The Annual US Expat Opinion Survey [Infographic]


Every year, Greenback surveys thousands of expats living around the globe about their opinions on everything from taxation to citizenship renunciation to political and ideological beliefs. As one of the only comprehensive surveys of Americans living abroad, the survey helps to raise the profile of pressing social and economic issues within the expat community.

Why Is Annual US Expat Opinion Survey Important?

Raising Awareness about Key Issues for Expats

While expat life can be an amazing experience, it comes with distinct challenges. In order to effect change, expat opinions must be shared with the media, politicians, and the American public.

Greenback’s annual survey questions collect expats’ opinions on tax filing requirements, FATCA and FBAR regulations, citizenship renunciation, recent tax reform, and more. The results of the survey convey expats’ thoughts on these key topics to the media, advocacy groups, and the expat community.

Little Data Exists on the Expat Community

Greenback’s survey is one of the few that collects expats opinions on a wide range of topics–from taxes to politics to current events. In fact, data on the expat community is so scarce, that we do not even know the exact data on the size of the expat population. While the US government does report on citizenship renunciation, the State Department does not track the number of Americans living abroad. To ensure that expats’ interests are heard and protected, it’s vital that we continue to collect and share data on their needs and preferences.

Expat Opinions Impact Real Change

Expat causes have a history of gaining traction in the US political and legal scene. In 2018, Congressman George Holding introduced a bill late called the Tax Fairness for Americans Abroad Act that proposed to exempt foreign income from US taxation. In 2019, a group of Accidental Americans living in France brought a lawsuit challenging the discriminatory policies of FATCA. In 2020, record numbers of Americans gave up their US citizenship.

2021 US Expat Survey Results

Greenback’s 2021 US Expat Opinion Survey took place from April 15, 2021 to May 10, 2021. Watch the video above or review the infographic for key highlights—and read on for full results!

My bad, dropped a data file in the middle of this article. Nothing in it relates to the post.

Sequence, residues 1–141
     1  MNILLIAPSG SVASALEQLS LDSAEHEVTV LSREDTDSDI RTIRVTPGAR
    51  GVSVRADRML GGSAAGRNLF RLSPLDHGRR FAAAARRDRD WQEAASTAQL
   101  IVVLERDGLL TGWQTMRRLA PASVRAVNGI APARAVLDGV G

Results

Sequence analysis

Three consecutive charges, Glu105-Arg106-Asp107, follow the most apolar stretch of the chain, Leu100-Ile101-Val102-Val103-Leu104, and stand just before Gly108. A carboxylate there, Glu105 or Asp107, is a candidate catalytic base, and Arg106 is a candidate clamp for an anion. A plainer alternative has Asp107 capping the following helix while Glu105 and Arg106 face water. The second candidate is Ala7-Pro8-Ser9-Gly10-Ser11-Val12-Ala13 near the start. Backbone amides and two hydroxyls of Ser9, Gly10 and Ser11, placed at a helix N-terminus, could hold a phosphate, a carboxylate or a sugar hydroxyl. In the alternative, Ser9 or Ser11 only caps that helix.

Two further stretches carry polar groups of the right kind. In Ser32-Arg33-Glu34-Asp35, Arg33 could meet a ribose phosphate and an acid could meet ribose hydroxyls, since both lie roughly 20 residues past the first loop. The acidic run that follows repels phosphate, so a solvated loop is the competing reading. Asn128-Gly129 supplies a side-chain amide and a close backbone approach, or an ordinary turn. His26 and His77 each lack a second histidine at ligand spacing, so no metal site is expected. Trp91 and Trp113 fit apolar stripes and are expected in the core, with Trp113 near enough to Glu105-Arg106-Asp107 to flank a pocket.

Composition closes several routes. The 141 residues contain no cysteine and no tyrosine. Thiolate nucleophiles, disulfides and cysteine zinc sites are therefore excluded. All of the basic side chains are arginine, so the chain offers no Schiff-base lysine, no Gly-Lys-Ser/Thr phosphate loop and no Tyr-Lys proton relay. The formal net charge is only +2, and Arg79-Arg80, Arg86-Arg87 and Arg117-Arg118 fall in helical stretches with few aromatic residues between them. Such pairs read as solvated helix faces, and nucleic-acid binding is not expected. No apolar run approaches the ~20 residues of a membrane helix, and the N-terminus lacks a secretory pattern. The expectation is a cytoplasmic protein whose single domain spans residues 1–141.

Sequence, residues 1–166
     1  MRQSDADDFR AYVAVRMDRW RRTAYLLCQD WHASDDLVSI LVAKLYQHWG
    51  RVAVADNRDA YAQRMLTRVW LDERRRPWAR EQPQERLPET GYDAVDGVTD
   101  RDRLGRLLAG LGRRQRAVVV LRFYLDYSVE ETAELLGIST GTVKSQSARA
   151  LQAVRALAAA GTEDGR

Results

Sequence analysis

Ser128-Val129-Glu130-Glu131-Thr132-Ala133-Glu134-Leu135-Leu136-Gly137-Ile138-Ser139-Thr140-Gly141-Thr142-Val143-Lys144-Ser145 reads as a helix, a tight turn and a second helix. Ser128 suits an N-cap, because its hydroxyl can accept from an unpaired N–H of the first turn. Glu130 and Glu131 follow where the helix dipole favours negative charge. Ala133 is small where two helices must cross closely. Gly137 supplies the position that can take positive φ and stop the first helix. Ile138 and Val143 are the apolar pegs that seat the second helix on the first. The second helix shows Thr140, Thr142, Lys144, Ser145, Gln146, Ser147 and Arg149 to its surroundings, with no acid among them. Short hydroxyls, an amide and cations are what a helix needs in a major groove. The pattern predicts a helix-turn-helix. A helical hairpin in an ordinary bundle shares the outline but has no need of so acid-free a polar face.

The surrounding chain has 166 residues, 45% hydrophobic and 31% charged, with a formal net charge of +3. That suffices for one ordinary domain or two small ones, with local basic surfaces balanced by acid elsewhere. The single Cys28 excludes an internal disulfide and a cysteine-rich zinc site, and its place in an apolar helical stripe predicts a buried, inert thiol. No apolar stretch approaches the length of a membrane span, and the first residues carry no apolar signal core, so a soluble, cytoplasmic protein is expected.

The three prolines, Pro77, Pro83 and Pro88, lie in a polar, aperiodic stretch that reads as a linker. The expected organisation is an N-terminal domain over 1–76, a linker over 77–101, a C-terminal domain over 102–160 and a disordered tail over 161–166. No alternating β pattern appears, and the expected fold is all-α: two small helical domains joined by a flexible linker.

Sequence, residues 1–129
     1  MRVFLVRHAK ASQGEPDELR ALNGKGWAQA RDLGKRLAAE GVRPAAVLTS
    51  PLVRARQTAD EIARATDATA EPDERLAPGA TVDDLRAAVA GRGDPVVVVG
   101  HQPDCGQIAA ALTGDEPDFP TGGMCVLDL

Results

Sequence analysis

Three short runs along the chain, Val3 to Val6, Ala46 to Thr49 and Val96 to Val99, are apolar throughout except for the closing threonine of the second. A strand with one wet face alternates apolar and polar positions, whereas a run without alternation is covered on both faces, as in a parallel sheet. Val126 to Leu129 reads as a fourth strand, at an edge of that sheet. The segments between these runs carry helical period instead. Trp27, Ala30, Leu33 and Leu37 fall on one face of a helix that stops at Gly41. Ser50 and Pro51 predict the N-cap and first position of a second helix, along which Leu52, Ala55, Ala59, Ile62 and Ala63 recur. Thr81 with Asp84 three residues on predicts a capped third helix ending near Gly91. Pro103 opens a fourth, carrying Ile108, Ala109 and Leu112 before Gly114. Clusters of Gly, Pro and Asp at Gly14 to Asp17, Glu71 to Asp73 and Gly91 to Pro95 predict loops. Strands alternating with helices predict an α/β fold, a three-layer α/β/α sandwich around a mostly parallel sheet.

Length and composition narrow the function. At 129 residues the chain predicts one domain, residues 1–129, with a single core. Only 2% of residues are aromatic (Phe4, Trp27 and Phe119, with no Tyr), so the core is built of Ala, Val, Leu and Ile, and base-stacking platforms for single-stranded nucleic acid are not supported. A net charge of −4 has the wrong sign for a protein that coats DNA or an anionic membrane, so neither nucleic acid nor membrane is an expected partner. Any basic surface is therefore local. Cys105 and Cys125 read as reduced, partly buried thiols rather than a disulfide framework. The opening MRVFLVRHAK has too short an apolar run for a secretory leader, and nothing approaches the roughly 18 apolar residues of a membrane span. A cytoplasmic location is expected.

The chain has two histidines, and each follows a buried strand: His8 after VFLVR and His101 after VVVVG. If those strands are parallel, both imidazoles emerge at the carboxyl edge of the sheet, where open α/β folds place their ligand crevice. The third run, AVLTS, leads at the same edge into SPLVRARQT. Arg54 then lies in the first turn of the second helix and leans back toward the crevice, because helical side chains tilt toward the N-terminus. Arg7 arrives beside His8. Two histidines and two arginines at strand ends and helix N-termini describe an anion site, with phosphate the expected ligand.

Key findings of the 2021 survey indicate that US expats are frustrated with their representation in US government, the complexity of filing US expat taxes, and the burden of reporting their foreign financial accounts.

  • 85% of expats feel they are not represented fairly in US government.
  • 69% don’t think they should have to pay US taxes while living abroad.
  • 72% had to file extra tax forms for financial reporting.

The events of the Coronavirus pandemic have complicated expats’ views of the US government and politics.

  • 60% disapproved of how the US government handled the crisis (37% completely disapproved and 23% lightly disapproved)
  • Many expats were impacted financially (4.31 out of 10 on average)
  • 87% stayed abroad during the Coronavirus pandemic
  • 32% say they’re more likely to live abroad after the crisis

Many expats have considered renunciation and most cite US taxation as the primary reason.

  • 23% of expats are seriously considering renouncing their US citizenship (4% are planning to renounce and 18% are seriously considering it). An additional 42% wouldn’t rule out renunciation.
  • 42% said the primary reason for considering renunciation was because they find filing US taxes too great of a burden
  • 86% do not have plans to return to the US permanently

Read the full results of the 2021 Expat Opinion Survey here.

If you are a member of the media or an expat advocacy group, please email us at [email protected] to request more information on the survey results.

Prior US Expat Survey Results

Curious what expats had to say about taxes, citizenship renunciation, and US politics in prior years? Review past annual expat survey results to find out.

Survey Questions and Methodology

Each year, Greenback Expat Tax Services surveys thousands of US expats living and working in countries all around the globe with various incomes and professions.

Survey questions collect data in key areas of expat life and finances, including:

  • Filing US taxes
  • Foreign banking laws (FBAR and FATCA)
  • Citizenship renunciation
  • Plans to return to the US permanently
  • Reasons for living abroad
  • Media consumption
  • Demographic data (income level, employment type, age, and gender identity)

To qualify as a US expat, individuals need to meet the requirements of either the Physical Presence Test or the Bona Fide Residence Test.

  • Qualifying via the Physical Presence test requires expats to be inside a foreign country for 330 of any 365-day period.
  • Qualifying via the Bona Fide Residence test requires expats to reside outside the US for at least one full year and have no intentions of returning to the US permanently.

 

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